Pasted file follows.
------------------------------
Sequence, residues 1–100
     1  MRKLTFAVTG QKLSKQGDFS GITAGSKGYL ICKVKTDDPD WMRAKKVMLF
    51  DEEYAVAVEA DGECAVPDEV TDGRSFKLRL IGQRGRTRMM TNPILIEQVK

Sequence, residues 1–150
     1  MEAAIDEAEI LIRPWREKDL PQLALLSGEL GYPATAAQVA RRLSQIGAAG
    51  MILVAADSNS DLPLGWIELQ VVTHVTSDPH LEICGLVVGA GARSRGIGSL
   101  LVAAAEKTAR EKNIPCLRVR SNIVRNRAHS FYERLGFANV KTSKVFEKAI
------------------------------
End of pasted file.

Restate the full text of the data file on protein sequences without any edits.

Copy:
Sequence, residues 1–100
     1  MRKLTFAVTG QKLSKQGDFS GITAGSKGYL ICKVKTDDPD WMRAKKVMLF
    51  DEEYAVAVEA DGECAVPDEV TDGRSFKLRL IGQRGRTRMM TNPILIEQVK

Sequence, residues 1–150
     1  MEAAIDEAEI LIRPWREKDL PQLALLSGEL GYPATAAQVA RRLSQIGAAG
    51  MILVAADSNS DLPLGWIELQ VVTHVTSDPH LEICGLVVGA GARSRGIGSL
   101  LVAAAEKTAR EKNIPCLRVR SNIVRNRAHS FYERLGFANV KTSKVFEKAI